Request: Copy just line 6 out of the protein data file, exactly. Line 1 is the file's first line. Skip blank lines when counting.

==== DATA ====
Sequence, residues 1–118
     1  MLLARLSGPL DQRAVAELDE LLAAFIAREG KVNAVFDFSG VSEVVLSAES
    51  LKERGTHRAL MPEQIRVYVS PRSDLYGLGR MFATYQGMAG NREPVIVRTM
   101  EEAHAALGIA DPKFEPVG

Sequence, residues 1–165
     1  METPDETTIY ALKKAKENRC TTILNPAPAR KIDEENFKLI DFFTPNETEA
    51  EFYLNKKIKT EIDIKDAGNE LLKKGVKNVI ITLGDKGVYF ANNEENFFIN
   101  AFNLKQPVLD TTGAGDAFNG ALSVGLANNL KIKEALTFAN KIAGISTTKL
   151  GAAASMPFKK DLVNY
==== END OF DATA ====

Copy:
     1  METPDETTIY ALKKAKENRC TTILNPAPAR KIDEENFKLI DFFTPNETEA